What separates successful teams from less successful teams? One can make a case for a number of underlying variables. For example, some may attribute success, or lack thereof, to training and conditioning methods. Some may argue that reducing injuries and therefore enabling key players to accumulate more playing time is a key contributor to success. A strong case can be made for recruiting strategies as the teams who bring in the most talent are at a major advantage. Likewise, coaching may explain differences in success among teams as it seems that some coaches just “know how to win” regardless of what team they’re with. Or, maybe it has something to do with a team’s budget? All of the above factors likely play a role, but what remains to be determined are objectively measured differences in on-field performance among successful and less successful teams.
A new study published ahead of print in the International Journal of Sports Physiology and Performance evaluated differences in both physical and technical performances profiles among a successful vs. less successful professional rugby league team. GPS data from 24 games (n = 29 players) from a successful team were compared with GPS data from 18 games (n = 25 players) from a less successful team. The researchers statistically compared performance variables among groups, such as playing time, distance covered, high speed running, collisions, accelerations, deceleration, possession time, errors and tackles.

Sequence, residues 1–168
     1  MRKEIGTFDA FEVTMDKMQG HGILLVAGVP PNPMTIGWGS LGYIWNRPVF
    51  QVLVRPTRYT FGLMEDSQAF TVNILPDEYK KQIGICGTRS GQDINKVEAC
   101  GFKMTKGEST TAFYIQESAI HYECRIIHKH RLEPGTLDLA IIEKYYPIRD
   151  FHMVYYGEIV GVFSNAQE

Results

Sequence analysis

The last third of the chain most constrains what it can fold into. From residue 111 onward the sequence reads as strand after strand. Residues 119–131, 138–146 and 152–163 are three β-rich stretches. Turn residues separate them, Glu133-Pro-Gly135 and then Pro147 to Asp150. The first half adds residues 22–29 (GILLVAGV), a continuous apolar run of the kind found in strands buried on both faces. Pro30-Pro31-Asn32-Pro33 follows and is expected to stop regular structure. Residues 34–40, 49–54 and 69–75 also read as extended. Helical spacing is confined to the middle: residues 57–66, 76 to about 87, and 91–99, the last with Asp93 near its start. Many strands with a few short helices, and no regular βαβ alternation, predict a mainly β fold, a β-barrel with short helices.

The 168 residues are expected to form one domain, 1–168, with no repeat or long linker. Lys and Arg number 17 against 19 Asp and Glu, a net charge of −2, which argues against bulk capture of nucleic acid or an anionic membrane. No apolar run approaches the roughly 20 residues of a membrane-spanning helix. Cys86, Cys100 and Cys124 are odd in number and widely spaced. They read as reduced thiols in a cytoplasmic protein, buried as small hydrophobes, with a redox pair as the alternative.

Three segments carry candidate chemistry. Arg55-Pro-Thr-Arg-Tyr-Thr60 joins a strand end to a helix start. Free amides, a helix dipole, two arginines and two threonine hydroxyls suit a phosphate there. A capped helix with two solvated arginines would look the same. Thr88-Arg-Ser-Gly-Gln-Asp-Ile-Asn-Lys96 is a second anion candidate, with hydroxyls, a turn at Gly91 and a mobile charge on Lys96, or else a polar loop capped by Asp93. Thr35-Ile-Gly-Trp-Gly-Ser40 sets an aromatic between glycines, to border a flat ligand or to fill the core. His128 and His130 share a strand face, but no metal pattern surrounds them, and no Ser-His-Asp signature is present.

The results revealed that total playing time and distance covered did not meaningfully differ among teams. The less successful team experienced greater high-speed running demands and more physical collisions than the less successful team. The more successful team performed a greater number of accelerations and decelerations. The successful team gained more yardage offensively, possessed the ball longer and committed fewer errors than the less successful team. The less successful team attempted more and missed more tackles than the successful team, resulting in a lower effective tackle percentage. Therefore, the authors conclude that differences in successful vs. less successful teams do not depend on higher running outputs or more collisions, but rather differ based on proficiency in technical performance aspects.
Kempton, T. et al. (2016) A Comparison of Physical and Technical Performance Profiles Between Successful and Less-Successful Professional Rugby League Teams. International Journal of Sports Physiology and Performance. In press.